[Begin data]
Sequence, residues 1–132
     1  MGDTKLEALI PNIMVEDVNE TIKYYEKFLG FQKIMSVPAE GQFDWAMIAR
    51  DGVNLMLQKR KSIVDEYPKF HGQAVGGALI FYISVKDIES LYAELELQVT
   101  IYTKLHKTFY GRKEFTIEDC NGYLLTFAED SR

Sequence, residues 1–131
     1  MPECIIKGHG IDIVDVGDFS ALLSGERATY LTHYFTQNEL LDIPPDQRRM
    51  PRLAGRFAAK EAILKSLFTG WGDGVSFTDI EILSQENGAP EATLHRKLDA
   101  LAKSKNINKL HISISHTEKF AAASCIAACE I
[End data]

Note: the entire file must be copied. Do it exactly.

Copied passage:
Sequence, residues 1–132
     1  MGDTKLEALI PNIMVEDVNE TIKYYEKFLG FQKIMSVPAE GQFDWAMIAR
    51  DGVNLMLQKR KSIVDEYPKF HGQAVGGALI FYISVKDIES LYAELELQVT
   101  IYTKLHKTFY GRKEFTIEDC NGYLLTFAED SR

Sequence, residues 1–131
     1  MPECIIKGHG IDIVDVGDFS ALLSGERATY LTHYFTQNEL LDIPPDQRRM
    51  PRLAGRFAAK EAILKSLFTG WGDGVSFTDI EILSQENGAP EATLHRKLDA
   101  LAKSKNINKL HISISHTEKF AAASCIAACE I